3. Ending Relationships of Dominance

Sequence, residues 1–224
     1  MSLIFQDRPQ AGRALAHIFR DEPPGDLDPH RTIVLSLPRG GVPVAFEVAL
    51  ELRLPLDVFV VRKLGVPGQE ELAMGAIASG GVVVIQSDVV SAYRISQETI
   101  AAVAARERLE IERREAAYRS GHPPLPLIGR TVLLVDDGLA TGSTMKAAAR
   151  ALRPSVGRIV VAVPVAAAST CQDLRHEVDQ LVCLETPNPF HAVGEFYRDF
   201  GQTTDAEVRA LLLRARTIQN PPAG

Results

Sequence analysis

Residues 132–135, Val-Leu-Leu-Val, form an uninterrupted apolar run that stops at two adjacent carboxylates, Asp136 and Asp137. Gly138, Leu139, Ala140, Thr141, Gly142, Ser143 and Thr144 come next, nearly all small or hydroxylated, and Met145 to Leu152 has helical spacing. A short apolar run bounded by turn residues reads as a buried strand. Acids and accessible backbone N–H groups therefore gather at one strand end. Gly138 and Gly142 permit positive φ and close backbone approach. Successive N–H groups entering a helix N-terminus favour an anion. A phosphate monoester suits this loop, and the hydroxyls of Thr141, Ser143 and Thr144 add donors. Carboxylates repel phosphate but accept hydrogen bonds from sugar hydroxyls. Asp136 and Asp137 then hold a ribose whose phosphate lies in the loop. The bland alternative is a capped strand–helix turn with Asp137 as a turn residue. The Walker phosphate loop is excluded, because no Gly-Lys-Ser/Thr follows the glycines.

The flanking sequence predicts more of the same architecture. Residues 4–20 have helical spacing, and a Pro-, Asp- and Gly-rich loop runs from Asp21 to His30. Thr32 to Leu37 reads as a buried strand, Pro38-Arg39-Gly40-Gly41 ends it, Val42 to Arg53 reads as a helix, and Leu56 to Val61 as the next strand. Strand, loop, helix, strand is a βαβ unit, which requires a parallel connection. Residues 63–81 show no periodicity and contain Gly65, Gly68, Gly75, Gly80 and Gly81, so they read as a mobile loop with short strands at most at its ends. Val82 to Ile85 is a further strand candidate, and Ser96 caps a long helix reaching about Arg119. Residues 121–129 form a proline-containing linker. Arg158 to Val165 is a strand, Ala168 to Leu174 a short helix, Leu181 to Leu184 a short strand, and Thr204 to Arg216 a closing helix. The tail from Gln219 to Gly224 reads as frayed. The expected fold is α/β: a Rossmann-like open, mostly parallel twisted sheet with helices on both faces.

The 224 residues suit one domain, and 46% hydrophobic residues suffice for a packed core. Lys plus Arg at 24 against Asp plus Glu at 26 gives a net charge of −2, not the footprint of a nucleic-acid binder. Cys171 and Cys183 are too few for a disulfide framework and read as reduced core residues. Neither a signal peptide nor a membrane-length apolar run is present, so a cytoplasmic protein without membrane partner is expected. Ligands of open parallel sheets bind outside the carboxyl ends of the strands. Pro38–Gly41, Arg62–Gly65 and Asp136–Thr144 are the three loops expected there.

One of Marx’s concerns was the notion of dominance in human relationships and how certain social and economic structures allows classes of persons, and persons in those classes, to oppress and dominate others. If you are poor and you have no other means of survival you have to take a job no matter how terrible it is or how little it pays. In a sense you are free to not take the job but in another very real sense you are not free to not take the job if the alternative is homelessness or starvation. So, by owning something, some asset like a company or a natural resource, you are able to force other people to do your bidding. The terms of the agreement are determined by market value not by what is fair. Marx saw this form of oppression as a very significant problem. Since Marx’s time we’ve instituted minimum wage laws, which worked pretty well at first but haven’t kept up with inflation. So, there are solutions within capitalism to address this concern but a universal basic income would truly put an end to this form of oppression. If everyone were provided an income that was enough to live on no one would be forced into an arrangement in which they didn’t freely choose to be in. The difference in relationship between employee and employer becomes radically transformed. The employer has to offer the employee a fair wage, a wage that actually provides an equivalent amount of value to the work being performed for the employee to have any interest in the job. Unless a person enjoyed the job no one would work for $7.50 an hour. And certainly no one would do demeaning back breaking work for the current minimum wage. An employer would be laughed at, literally, for offering such a paltry sum. The playing field would be equal and a person with more money would no longer be in a position of power to coerce other people into working for less than they wanted to work for. No one would have to work for less than they wanted to work for. Think about that for a few minutes. It is truly an amazing thought. No one would have to work for less than they wanted to work for.